Avalanche Danger and Staying Safe on the CDT in 2019
We chatted with CDTC Community Outreach Specialist Andrea Kurth and CDTC Executive Director Teresa Martinez for more information on current CDT conditions, how to stay safe, and what a reroute plan might look like.
What makes this snowpack different than snowpack in other parts of the country?
Teresa Martinez: The Continental Divide has a different type of snowpack because of colder temperatures and the several days or more between storms. The Rockies experience variable weather in the spring, with snow happening late in the season yet warm temperatures in between. This combination creates unstable layers in the snowpack. In addition, the snowpack becomes more unstable with warmer days that happen in the spring and early summer.
What is dangerous about this year in particular?
TM: While snow levels in Montana and Wyoming are about normal, in Colorado, the snowpack is between 141 and 374 % of normal levels as of May 24. In the southwest corner of the state—the Gunnison, Rio Grande, and San Juan River basins—the levels are between 300 and 375 % of average. Additionally, we’ve gotten several large snowstorms late in the season, which are depositing new snow on top of weak layers.
What are the worst places on the CDT right now? The top places to be aware of?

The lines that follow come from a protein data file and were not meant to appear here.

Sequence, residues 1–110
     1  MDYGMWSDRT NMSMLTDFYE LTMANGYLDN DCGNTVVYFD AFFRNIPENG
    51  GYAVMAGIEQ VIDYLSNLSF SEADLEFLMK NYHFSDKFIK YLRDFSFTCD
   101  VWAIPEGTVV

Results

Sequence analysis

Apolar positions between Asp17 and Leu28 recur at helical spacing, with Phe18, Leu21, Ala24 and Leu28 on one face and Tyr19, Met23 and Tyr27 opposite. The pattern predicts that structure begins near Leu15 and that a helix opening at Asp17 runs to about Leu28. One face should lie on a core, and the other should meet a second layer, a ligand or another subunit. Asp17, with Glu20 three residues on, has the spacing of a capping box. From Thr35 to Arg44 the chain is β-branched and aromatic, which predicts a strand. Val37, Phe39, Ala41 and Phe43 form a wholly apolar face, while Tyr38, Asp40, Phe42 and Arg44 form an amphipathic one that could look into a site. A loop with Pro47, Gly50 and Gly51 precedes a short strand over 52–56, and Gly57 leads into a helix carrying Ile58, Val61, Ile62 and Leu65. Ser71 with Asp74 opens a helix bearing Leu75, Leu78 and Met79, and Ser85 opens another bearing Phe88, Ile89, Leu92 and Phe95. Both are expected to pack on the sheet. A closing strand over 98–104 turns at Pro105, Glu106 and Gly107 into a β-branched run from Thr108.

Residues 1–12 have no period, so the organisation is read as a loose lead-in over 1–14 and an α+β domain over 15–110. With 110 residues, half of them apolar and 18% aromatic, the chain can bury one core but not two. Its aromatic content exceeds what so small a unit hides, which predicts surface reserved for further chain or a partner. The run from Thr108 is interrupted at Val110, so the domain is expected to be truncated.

TM: The CDT is covered in snow from Hopewell Lake in Northern New Mexico to the Great Basin of Wyoming. Anything below 9,500 feet should be approachable come mid-June. In addition to huge amounts of snow in Colorado, we’re aware of at least two places where avalanche debris has covered the CDT. Hikers will have to navigate over avalanche pathways in at least these two places, if not more.
What timing strategy do you recommend CDT hikers use to stay safe?
TM: In normal years, we recommend that thru-hikers begin their CDT hike at the end of April, unless they’re planning to take up to a month off at Ghost Ranch. With a late April start, and a slow five to six weeks to Cumbres pass, hikers should be arriving at Cumbres Pass in mid-June, which is when the snowpack will start to stabilize on average years. There will still be snow in the mountains of Colorado in mid-June, but it will be easier to consistently walk, albeit with lower-mileage days because of the difficulties of snow travel. With the high levels of snow this year, we suggest hikers start even later to avoid dangerous conditions in the high country.
How can hikers stay safe? What does timing have to do with this?
TM: Hikers should have the proper equipment and practice using it before getting on the CDT. Snowshoes are only helpful if the snowpack supports you; sometimes travel at night is necessary, so hikers should know how to navigate the trail in the dark. There’s also the danger of punching through the snow and becoming injured by something unseen. Thru-hikers should be prepared to take two to three weeks off, or flip up on the trail.